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Dow tops 7,500 in wild ride Bull market record is third milestone in 3 days, 24th for year; 'A life all its own'; Strong economy, time of peace in nation get credit for stock surge

Stocks marched higher yesterday, propelling the Dow Jones industrial average to its first close above 7,500 points in its 100-year history.

Surging stocks have analysts predicting that the longest-ever bull market will keep running through the summer and maybe late into the year. Some of them believe that the Dow -- the closely watched index of 30 blue-chip stocks, will reach 8,000 points before it retreats significantly.

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"What you've got here is a market that has taken on a life all its own," said Richard Fontaine, who runs the Fontaine Capital Appreciation Fund in Towson. "As long as people's money keeps growing, they will keep sending more money in."

"It's incredible," added David Straus, senior portfolio manager with Washington-based J. L. Capital Management Inc., a subsidiary of Johnston, Lemon & Co., said of the continued bull market. "I would be surprised if you have got any major downturn here in the summer."

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The Dow jumped 60.77 points yesterday to close at 7,539.27, marking the third straight record-setting day and its 24th record of the year. The index has risen nearly 17 percent since the beginning of the year and 33 percent in 12 months. In the last 28 trading days alone, it's up 500 points.

The Standard & Poor's 500 index, which measures the performance of a broad range of companies, closed at a record 865.27 yesterday, up 2.36 points. It has risen 16.81 percent since the beginning of the year.

Nasdaq's composite index, full of computer, semiconductor and related stocks, was the lone laggard among the major indexes. It fell 10.35 yesterday to 1,401.69. But it has risen 16.7 percent since it hit a low for the year of 1,201.00 on April 2.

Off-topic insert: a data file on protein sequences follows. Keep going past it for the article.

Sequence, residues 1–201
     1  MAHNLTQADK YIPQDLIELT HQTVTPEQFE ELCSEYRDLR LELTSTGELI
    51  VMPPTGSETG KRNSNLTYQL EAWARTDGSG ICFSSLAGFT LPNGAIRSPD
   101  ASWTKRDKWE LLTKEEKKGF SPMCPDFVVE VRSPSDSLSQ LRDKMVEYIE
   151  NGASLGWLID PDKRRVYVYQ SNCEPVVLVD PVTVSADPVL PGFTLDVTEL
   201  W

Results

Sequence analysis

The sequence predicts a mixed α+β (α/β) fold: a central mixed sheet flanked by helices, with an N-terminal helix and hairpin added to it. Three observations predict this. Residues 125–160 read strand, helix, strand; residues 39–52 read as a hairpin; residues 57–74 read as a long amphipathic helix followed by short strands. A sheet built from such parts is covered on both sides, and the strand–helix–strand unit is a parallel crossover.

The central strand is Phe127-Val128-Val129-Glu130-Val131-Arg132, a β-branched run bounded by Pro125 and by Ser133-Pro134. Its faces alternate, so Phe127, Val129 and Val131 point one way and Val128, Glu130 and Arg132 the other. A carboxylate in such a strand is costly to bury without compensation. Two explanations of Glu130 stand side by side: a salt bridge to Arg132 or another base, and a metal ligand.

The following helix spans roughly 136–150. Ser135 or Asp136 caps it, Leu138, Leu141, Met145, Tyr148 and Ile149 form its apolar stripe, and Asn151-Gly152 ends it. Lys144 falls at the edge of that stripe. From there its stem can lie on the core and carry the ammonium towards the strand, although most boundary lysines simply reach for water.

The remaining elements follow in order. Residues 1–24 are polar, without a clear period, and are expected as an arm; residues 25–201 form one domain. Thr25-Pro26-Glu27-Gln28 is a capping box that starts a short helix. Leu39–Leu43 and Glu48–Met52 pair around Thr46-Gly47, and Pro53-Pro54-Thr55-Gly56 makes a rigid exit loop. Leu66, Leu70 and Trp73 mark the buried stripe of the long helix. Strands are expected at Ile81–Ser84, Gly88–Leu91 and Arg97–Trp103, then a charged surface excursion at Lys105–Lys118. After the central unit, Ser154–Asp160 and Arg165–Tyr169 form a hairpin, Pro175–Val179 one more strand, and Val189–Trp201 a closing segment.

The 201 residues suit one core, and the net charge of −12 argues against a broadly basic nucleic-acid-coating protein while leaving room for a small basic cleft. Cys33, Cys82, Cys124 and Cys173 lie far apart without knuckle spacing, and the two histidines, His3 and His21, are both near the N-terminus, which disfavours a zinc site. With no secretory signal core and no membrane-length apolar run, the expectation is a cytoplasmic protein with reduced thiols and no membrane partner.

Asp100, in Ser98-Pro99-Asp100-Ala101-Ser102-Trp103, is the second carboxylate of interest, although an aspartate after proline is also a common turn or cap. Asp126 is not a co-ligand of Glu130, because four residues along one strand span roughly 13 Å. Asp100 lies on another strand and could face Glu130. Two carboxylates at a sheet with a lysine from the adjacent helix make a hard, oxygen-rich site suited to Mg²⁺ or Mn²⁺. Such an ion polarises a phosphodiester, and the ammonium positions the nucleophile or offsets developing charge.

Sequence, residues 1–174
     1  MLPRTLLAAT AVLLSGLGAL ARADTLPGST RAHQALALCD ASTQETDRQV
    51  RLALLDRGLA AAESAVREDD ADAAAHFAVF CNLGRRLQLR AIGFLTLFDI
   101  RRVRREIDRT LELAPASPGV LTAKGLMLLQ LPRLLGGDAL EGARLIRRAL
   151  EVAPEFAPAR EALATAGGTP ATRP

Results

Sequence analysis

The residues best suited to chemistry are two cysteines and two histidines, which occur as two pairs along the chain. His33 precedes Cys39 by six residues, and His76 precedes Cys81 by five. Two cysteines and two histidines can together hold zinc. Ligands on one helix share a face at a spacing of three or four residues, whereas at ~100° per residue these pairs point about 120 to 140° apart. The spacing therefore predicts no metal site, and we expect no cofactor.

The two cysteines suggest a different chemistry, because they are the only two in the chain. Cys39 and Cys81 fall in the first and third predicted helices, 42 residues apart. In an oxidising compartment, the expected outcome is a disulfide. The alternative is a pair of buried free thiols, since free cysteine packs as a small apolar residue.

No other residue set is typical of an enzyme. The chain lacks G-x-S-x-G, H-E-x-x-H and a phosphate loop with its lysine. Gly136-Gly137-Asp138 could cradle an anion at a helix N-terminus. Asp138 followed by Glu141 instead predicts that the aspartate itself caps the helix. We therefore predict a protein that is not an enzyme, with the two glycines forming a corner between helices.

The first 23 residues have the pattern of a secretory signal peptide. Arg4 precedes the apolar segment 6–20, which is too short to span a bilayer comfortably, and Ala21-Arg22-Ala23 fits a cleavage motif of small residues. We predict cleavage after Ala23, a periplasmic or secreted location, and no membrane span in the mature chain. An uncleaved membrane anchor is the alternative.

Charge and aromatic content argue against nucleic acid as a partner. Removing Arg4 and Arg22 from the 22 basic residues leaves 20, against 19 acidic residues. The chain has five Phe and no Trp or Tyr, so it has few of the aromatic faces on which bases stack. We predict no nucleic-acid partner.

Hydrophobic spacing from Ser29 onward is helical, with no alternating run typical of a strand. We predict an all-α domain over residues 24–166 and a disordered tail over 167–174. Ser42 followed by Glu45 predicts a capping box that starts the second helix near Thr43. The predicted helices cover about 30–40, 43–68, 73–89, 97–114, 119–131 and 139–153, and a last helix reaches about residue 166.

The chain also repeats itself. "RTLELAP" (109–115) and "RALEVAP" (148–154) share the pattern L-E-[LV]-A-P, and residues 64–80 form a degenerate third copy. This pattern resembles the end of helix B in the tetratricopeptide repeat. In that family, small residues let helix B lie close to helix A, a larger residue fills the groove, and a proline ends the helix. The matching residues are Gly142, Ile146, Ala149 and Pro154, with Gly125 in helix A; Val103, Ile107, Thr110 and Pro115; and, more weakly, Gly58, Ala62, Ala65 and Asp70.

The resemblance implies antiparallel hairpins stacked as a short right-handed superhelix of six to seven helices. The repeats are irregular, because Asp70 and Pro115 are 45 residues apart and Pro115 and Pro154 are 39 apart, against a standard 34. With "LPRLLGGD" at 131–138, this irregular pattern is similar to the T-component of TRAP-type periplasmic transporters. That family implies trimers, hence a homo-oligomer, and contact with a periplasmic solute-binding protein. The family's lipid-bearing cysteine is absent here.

Analysts said that the stock market is surging because the nation's economy is stronger than ever. Unemployment, inflation and interest rates are all at low levels, and corporations are humming with profits.

"The fundamentals are just so strong," said Bill Meehan, market analyst with New York-based Prudential Securities Inc. "Things are different this time."

What's different?

There are no prospects of war on the horizon, which would demolish the rally, Meehan said. And foreign investors haven't yet flocked to the U.S. stock market; when they do, it is typically a signal that stocks have peaked.

Added to that, corporations keep making money and have exceeded the expectations of the analysts who follow them.

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"When we get the second quarter [numbers], higher profits will just add fuel to the fire," Meehan said. "This bull market is alive, it is very well, it appears destined to once again foil the consensus."

Straus sees the Dow rising another 500 points to 8,000 by the end of the year.

Others are even more bullish.

Ralph J. Acampora, head of technical research for Prudential, predicted at the beginning of the year that the Dow would reach 8,250 by the end of 1997. Now, Meehan said, Acampora is revising his prediction upward. But Meehan declined to reveal the number.

What makes the analysts so confident in the continued running of the bulls is that more investors are buying stocks of smaller companies. In past months, the market's rally was driven by a narrow group of large companies such as Microsoft Corp., Intel Corp., Coca-Cola Co. and General Electric Co.

But now, smaller companies, including technology stocks, are benefiting.

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The Russell 2,000 index, a barometer of small company performance, shot up 11 percent in May alone, more than double the performance of the Dow Jones industrial average. It fell 0.59 yesterday to 387.31. Still, it's up 6.81 percent for the year.

Shares of small companies "probably have another couple of months of rally worth in them," Straus said.

"It has gotten to the point where you like to see markets with broad leadership, because they tend to last longer."

Fontaine, who is bearish on the stock market and likes to invest in companies that mine gold and other minerals, thought the rally should have ended by now.

Investors, Fontaine argues, are paying too much for stocks, but they don't care because the market keeps rising. "It continues to amaze me," he said.

Pub Date: 6/11/97


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